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Economic Growth Versus Human Development

By Prahlad Shekhawat

02 July, 2011
Countercurrents.org

Conventional indicators of development are being seen as unsatisfactory. The need for higher GDP leads to productive systems and consumption patterns that are not in harmony with the carrying capacity of the environment and our planet. GDP does not measure indicators of well-being, fair and equal distribution, unpaid labor and social sector indicators which assess the provision of effective employment, health and education.

India has consistently achieved the second highest rates of GDP growth but moved down to 134 position in the Human Development Index in 2009, compared to 128 a year before. The 2010 report puts India far behind in terms of achievements in tackling multidimensional poverty. The report concludes that economic growth has not lead to human development or less inequality. Similarly India is lagging far behind in its meager efforts to fulfill the United Nations Millennium Development Goals. Since many years the composite Human Development Index has been combining income, health, education and gender equity. The 2010 report there is a proposal to enlarge the measures to include new indicators like equity, environmental sustainability and empowerment through people’s participation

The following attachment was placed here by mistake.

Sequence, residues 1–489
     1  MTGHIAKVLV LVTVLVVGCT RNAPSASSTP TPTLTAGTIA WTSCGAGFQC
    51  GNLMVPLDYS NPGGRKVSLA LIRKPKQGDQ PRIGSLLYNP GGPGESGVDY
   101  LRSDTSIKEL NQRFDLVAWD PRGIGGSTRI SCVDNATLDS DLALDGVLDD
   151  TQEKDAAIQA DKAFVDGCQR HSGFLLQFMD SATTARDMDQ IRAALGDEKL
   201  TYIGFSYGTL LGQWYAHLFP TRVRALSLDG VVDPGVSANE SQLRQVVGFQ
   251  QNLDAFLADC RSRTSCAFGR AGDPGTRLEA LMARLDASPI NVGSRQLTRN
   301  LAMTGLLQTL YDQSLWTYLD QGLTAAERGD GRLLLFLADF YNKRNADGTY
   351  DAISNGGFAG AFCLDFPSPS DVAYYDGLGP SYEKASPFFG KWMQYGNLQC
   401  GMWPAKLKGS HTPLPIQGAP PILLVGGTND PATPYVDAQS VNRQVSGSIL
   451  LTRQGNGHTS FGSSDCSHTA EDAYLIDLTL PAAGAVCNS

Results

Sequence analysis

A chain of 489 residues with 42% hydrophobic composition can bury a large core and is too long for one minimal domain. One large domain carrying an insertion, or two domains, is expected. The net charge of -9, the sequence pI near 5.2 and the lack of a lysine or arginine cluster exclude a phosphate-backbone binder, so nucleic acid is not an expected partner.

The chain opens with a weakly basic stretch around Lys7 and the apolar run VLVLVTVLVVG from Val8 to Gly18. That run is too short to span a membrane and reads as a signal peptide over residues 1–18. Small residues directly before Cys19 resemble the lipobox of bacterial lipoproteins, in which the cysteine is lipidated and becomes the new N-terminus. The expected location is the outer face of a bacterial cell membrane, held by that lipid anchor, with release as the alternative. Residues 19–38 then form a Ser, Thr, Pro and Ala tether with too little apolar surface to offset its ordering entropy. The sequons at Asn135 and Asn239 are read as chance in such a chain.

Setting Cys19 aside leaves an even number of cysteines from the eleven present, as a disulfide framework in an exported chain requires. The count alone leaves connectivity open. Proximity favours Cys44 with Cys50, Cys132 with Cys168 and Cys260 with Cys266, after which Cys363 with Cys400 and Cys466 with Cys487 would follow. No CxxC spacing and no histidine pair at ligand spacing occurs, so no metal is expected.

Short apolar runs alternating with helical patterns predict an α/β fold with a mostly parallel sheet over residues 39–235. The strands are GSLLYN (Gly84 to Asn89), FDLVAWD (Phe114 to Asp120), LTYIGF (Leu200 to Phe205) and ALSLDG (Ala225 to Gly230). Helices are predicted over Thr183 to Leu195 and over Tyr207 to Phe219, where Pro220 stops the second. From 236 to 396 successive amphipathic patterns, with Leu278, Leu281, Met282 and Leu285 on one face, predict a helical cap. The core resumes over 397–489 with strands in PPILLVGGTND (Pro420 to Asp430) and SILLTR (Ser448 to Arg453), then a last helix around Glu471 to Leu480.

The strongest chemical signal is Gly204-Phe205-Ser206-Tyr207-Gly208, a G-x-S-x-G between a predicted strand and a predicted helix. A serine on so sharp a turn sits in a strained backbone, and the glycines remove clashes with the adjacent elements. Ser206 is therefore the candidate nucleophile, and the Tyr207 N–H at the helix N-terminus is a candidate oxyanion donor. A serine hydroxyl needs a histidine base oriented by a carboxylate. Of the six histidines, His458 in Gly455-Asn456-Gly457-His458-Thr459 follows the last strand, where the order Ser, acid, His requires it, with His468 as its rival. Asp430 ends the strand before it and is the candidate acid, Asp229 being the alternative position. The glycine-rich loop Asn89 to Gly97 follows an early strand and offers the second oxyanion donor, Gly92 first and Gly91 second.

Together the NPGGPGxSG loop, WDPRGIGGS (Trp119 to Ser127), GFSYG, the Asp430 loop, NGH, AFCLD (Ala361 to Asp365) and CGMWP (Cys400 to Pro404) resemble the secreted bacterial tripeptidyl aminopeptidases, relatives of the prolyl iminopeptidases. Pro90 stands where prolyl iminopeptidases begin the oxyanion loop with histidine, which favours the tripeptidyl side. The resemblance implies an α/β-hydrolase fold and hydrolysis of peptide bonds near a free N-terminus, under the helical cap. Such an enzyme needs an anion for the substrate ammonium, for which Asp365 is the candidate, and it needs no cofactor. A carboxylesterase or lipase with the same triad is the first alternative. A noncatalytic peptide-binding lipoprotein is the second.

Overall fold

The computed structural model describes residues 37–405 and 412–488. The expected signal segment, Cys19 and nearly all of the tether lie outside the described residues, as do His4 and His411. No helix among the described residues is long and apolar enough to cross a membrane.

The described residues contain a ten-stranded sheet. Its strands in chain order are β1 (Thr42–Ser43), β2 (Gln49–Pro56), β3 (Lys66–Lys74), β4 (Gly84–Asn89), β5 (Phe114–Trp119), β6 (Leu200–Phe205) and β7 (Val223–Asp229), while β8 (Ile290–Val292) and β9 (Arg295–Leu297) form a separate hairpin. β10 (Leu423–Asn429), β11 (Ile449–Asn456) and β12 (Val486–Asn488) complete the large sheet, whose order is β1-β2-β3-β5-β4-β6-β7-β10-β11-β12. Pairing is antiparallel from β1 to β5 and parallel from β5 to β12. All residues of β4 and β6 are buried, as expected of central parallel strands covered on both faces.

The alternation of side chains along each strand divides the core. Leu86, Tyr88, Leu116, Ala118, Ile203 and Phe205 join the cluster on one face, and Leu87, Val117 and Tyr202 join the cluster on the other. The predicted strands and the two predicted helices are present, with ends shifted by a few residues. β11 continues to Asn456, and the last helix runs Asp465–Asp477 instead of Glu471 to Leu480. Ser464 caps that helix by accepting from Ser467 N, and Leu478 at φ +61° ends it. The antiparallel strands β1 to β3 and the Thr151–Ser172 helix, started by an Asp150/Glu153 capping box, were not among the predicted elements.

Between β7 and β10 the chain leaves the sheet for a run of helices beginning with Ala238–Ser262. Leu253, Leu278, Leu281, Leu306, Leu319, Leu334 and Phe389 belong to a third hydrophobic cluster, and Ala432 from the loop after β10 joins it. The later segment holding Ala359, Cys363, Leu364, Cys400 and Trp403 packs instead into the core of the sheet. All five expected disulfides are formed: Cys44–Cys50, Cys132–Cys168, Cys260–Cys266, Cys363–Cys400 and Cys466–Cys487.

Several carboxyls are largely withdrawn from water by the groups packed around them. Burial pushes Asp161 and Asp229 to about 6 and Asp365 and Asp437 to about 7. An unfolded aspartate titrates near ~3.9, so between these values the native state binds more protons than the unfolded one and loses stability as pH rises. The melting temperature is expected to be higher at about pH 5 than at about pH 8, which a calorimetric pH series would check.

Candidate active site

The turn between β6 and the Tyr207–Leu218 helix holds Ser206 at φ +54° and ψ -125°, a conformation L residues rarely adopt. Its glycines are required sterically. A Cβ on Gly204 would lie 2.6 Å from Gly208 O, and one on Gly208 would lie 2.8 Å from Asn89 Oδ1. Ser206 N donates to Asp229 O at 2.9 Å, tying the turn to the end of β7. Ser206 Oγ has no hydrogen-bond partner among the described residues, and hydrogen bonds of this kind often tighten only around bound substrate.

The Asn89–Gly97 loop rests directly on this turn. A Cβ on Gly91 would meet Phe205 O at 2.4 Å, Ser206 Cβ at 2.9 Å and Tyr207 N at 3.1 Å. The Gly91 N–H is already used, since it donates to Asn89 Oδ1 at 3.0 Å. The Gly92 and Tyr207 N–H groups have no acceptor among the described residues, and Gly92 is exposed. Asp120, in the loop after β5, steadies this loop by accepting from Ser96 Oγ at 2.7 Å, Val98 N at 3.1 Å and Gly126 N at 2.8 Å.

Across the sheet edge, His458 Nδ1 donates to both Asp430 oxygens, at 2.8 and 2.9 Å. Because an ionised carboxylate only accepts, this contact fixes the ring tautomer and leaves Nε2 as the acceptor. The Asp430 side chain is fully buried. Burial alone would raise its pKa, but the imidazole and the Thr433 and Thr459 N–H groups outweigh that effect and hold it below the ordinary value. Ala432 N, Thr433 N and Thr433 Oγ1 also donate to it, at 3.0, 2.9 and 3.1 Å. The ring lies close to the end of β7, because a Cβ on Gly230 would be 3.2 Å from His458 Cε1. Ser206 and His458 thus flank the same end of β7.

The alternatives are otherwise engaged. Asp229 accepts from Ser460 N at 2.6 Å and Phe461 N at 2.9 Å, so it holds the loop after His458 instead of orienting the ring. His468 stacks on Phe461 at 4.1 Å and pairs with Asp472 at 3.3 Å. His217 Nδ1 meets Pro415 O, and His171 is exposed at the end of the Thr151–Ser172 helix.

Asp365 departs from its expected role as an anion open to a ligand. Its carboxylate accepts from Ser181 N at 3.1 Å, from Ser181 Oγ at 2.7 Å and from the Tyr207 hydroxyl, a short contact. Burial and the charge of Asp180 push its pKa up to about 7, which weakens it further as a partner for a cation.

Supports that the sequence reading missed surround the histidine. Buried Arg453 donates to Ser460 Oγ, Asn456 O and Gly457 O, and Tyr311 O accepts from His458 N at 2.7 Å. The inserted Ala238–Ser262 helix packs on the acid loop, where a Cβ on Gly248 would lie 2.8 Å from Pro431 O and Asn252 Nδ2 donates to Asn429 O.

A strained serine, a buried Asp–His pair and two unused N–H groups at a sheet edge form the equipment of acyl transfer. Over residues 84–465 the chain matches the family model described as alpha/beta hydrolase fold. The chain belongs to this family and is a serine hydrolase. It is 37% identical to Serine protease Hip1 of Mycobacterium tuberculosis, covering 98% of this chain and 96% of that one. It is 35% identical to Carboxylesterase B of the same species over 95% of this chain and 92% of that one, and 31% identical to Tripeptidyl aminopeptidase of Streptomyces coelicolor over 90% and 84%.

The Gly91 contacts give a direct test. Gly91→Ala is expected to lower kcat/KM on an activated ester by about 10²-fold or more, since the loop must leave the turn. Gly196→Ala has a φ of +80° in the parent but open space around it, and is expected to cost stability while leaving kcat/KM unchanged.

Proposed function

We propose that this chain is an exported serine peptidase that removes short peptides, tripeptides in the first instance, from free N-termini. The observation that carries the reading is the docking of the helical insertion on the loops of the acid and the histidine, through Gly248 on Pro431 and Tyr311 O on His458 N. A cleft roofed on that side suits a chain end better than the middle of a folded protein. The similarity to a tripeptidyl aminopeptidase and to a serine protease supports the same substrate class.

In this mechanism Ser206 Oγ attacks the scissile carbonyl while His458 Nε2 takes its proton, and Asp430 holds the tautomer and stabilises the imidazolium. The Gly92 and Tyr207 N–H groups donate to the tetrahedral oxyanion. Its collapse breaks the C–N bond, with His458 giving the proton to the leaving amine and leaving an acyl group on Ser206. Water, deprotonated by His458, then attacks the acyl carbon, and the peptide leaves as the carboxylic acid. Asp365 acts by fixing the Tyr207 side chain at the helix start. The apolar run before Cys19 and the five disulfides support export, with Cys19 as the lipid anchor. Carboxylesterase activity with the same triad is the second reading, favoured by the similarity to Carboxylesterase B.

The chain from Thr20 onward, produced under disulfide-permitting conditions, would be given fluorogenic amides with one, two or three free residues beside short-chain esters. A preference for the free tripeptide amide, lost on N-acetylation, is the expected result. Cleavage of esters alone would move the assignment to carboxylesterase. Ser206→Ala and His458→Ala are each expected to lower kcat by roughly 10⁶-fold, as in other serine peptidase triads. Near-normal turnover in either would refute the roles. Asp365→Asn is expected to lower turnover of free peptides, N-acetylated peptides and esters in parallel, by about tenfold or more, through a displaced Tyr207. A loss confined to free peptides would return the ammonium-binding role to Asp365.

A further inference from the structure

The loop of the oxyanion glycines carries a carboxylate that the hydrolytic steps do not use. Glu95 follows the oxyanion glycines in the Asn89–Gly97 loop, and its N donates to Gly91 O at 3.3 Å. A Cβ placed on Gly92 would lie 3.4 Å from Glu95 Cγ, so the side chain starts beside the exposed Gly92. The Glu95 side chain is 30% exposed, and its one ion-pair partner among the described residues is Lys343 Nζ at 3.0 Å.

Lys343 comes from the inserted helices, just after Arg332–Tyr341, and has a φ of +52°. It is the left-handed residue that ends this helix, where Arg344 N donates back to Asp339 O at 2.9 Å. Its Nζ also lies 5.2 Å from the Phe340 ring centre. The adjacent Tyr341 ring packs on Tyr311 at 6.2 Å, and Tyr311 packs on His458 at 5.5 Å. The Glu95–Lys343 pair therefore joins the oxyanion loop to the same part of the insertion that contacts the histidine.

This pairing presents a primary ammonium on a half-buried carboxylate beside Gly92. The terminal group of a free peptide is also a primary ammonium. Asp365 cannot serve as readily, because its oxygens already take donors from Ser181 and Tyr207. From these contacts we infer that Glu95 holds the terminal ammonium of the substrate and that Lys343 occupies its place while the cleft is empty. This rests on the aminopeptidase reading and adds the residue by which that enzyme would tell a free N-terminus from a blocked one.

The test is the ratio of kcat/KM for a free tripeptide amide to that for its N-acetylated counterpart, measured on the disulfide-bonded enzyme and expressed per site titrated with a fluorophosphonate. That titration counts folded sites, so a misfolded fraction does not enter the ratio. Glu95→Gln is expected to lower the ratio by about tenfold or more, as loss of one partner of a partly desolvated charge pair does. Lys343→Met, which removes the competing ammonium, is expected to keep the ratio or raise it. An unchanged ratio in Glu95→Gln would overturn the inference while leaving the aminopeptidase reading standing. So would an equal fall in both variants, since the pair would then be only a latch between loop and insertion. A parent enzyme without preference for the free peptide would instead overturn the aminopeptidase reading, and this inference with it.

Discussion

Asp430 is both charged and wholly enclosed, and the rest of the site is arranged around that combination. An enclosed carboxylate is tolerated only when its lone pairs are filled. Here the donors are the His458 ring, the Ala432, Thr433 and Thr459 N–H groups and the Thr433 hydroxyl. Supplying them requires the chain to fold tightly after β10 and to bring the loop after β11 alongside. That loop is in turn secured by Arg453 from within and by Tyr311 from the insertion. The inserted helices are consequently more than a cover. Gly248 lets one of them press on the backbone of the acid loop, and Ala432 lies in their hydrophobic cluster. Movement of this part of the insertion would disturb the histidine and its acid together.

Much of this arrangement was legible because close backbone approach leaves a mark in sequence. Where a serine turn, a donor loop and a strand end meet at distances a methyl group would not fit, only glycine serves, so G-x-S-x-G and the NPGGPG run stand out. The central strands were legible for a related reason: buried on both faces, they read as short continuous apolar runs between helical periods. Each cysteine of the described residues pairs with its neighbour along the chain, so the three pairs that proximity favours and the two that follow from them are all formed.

Moving away from one sided focus on economic growth as a panacea and an end in itself developed is being redefined in terms of more meaningful, multidimensional and sustainable measures. According to the Research Group: Wellbeing in Developing Countries at the University of Bath, the concept of wellbeing examines three perspectives: ideas of human functioning, capabilities and needs, the analysis of livelihoods and resource use, and research on subjective wellbeing and happiness.

The National Accounts of Wellbeing in Europe divides well-being into personal and social. Personal well-being includes aspects like emotions, vitality, resilience, good functioning, and a satisfying life. The social aspects refer to relationships, social support, trust, and belongingness. These measures put Scandinavia in general and Denmark in particular at the top of the list of countries. The move towards alternative measures in Europe calls for the need to standardize and normalize the measures to understand changes over time, review and evaluate policy decisions, draw comparisons, and assess differences within nations.

Mindful of these concerns President Sarkozy of France decided to set up the Commission on Impact of Economic Performance on Social Progress, which according to the Commission’s Chairman Nobel prize winning economist Joseph Siglitz, aimed to achieve 3 goals. Firstly to identify the limits of GDP as an indicator of progress. Secondly there was a need to consider additional information required for the production of a more relevant picture and to discuss how to present this information in the most appropriate way. Finally the purpose was to check the feasibility of measurement tools proposed by the Commission. The Commission includes three Nobel Prize winning economists